• Get Fitness Together

  • Blog Posts

    September 2010
    M T W T F S S
    « Aug   Oct »
     12345
    6789101112
    13141516171819
    20212223242526
    27282930  

Quick Tip Sheet on Cardiovascular Training


Three fundamental programming elements make Fitness Together’s Programming Uniquely Effective:

  1. A Rigorous, Fast Paced One on One Personal Training Session in our fully equipped Private Studios;
  2. A Prescribed Cardiovascular Program (PCP) to specify, manage, and monitor volume and intensity of Cardiovascular exercise necessary to preserve lean body mass, reduce bodyfat, and improve cardiovascular condition; and
  3. A Thorough Nutritional Analysis and ongoing conversation about nutrition, healthy choices, and lifestyle improvements.

At Fitness Together your trainers will specify, record, and manage your Cardiovascular Exercise load with a very specific Prescribed Cardiovascular Program following your One on One Pesonal Training Program. Total cardiovascular exercise volume and intensity will be varied on a daily, weekly, and monthly basis to safely, effectively, and permanently reach your goals.

For a variety of reasons (preference to exercise outside being most common), clients choosing to complete their cardiovascular efforts independent of trainer guidance should find this quick tip sheet useful guidance.

Heart Rate is used almost exclusively for cardiovascular training programs. Heart Rate, the term, is rather self explanatory … it is quite simply the frequency with which your heart beats, usually expressed in beats per minute (BPM).   The fastest it will ever beat is your maximal heart rate. Maximum Heart Rate (MaxHR) is completely dependent on age and hereditary factors – you simply cannot change it with training.

Heart rate zones are ranges of heart beat rates where the heart, lungs, and circulatory systems convert energy sources to energy uniquely within each range.   Between your Maximum Heart Rate (MaxHR) and Ambient Heart Rate (see Heart Rate Zone Training to Look and Feel Fantastic for Definitions) are four (or five or seven, depending on who you ask) heart rate zones.   For our purposes …  to reduce your risk of developing heart disease, reduce stress, reduce bodyfat, and preserve lean body mass, we use 5 zones in our Prescribed Cardiovascular ProgrammingTM Model.

The challenge with Prescribed Cardiovascular Programming is threefold:

  1. Volume (time) needs to be defined and managed to make progress, and burn calories without overtraining;
  2. Intensity needs to be sufficiently high to train elevated Heart Rate Zones, yet brief and/or low enough to prevent catabolism (the unfortunate use of lean body mass as an energy source); and
  3. Volumes and Intensities need to be adjusted for fitness level, gender, and age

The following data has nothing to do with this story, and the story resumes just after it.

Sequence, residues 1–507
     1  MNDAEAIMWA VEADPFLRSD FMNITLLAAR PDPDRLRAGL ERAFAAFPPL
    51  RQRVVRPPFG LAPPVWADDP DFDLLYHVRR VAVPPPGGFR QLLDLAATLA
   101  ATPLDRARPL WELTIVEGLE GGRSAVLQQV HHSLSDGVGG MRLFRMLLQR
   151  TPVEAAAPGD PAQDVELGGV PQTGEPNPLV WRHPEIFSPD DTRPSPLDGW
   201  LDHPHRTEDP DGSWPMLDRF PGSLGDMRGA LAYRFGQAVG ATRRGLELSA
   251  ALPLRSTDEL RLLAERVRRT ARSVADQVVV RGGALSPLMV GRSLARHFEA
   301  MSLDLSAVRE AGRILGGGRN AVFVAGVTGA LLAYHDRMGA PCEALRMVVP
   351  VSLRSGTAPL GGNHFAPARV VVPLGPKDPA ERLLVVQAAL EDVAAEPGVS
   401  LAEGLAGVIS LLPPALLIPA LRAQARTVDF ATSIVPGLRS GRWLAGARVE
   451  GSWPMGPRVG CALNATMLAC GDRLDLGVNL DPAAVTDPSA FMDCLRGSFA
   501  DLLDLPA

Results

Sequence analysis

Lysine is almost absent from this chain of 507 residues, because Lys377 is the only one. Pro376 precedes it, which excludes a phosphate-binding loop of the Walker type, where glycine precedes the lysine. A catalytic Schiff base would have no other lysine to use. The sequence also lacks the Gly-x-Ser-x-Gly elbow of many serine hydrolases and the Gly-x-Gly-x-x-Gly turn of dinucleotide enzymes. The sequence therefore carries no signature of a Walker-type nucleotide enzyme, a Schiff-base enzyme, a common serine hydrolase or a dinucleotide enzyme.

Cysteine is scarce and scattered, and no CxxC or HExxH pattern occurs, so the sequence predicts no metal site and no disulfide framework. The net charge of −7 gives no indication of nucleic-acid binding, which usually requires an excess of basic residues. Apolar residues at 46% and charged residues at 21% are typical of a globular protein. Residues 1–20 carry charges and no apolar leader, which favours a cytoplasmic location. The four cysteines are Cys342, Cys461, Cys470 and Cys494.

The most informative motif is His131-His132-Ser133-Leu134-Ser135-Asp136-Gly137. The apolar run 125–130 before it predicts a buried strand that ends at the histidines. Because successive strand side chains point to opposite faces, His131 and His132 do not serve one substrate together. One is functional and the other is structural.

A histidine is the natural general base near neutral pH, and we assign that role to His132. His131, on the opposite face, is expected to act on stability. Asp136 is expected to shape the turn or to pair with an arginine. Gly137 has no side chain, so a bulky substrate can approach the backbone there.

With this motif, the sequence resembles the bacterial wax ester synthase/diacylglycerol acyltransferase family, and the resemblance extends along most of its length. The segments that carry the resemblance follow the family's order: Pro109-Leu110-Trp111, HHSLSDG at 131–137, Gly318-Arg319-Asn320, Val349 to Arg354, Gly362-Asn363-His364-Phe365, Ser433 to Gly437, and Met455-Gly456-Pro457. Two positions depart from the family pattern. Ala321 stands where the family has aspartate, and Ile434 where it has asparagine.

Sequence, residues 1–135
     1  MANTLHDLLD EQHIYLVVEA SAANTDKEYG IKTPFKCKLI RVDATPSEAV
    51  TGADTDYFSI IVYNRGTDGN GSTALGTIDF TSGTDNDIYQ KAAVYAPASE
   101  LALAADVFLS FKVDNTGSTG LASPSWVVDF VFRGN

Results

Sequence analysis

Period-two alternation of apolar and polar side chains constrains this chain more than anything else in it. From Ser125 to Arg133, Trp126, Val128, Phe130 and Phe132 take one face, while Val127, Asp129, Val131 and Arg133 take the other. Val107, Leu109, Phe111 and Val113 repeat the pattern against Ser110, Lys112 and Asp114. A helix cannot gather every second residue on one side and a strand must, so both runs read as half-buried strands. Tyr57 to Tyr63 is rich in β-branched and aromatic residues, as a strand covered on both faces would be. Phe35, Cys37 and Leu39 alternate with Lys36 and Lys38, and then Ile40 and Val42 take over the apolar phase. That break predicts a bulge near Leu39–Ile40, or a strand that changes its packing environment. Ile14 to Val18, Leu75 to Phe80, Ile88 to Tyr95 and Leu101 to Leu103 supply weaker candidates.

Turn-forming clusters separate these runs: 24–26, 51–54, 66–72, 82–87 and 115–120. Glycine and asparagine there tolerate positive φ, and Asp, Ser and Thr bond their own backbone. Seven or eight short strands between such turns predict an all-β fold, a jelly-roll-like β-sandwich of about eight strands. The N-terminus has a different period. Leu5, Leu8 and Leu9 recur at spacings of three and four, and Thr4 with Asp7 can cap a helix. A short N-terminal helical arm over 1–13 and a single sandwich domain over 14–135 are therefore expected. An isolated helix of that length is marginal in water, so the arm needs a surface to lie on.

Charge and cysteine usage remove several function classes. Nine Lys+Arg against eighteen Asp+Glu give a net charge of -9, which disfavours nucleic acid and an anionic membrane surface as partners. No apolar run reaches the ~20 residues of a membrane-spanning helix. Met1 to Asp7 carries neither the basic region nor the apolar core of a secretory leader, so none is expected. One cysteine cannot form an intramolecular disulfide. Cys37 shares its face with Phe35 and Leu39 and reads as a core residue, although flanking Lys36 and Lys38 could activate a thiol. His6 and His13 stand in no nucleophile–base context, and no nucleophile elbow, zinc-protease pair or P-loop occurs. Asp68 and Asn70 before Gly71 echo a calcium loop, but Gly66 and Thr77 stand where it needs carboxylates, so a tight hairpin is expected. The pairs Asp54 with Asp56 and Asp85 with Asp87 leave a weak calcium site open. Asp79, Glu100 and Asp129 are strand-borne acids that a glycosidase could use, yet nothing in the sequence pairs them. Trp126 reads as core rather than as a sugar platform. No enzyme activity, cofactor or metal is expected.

The next best thing to following FT’s Prescribed Cardiovascular Programming is to read, understand, and follow the recommendations in my Heart Rate Zone Training to Look and Feel Fantastic report. But if you merely want some simple guidelines for what a reasonable cardiovascular program should look like, here you are!

Plan for 4 days per week of cardiovascular exercise in addition to your 3 or 4 personal training sessions. Use a Relative Perceived Exertion (RPE) to define Intensity as follows:

10 = The Hardest Thing you’ve ever done and you must stop exercising immediately;

9 = A very, very difficult level, but something you can continue to do for a few seconds;

8= A very difficult exercise level, but something you can continue to do for a few minutes; and

7 = A Somewhat Difficult exercise level, but something you could continue to do for an hour

Each Week, your total Cardiovascular Program should Include:

One or Two Easy, but Longer Duration cardiovascular events: spend 45 to 60 minutes at Level 7

Two Moderately Difficult and Moderately Lengthy Cardio Events: Maintain, alternatively Level 7 and Level 8 intensities between 35 and 45 minutes. Total effort in the Level 8 range should be no more than 10% of the total exercise time. These are rolling hills kinds of things – gradual, slow increases in intensity with longer periods of time in Level 7 in between for ‘rest & recovery’

One day per week you should complete a Shorter Duration, High Intensity effort of about 30 minutes. 60% of the exercise should be Level 7, 47-49%% of the time should be spent at Level 8 Intensity; and 1-3% of the effort at Level 9. These are ‘spikey’, very high intensity exercise bouts like 30 or 60 second all-out sprints or steep hill short hill climbs followed by a rest interval. They should be briefly painful, but not agonizing. Pain Good. Suffering Bad.

Advertisements

4 Responses

  1. […]  you’re following our prescribed cardiovascular programming recommendations, your weekly cardio efforts will […]

  2. […]  you’re following our prescribed cardiovascular programming recommendations, your weekly cardio efforts will […]

  3. […] on how you feel, it might be a good day for your long, slow cardio event, or other light activities.   Dial it down a bit if you need to, but DO exercise!   It will […]

  4. […] on how you feel, it might be a good day for your long, slow cardio event, or other light activities.   Dial it down a bit if you need to, but DO exercise!   It will […]

Leave a Reply

Fill in your details below or click an icon to log in:

WordPress.com Logo

You are commenting using your WordPress.com account. Log Out / Change )

Twitter picture

You are commenting using your Twitter account. Log Out / Change )

Facebook photo

You are commenting using your Facebook account. Log Out / Change )

Google+ photo

You are commenting using your Google+ account. Log Out / Change )

Connecting to %s

%d bloggers like this: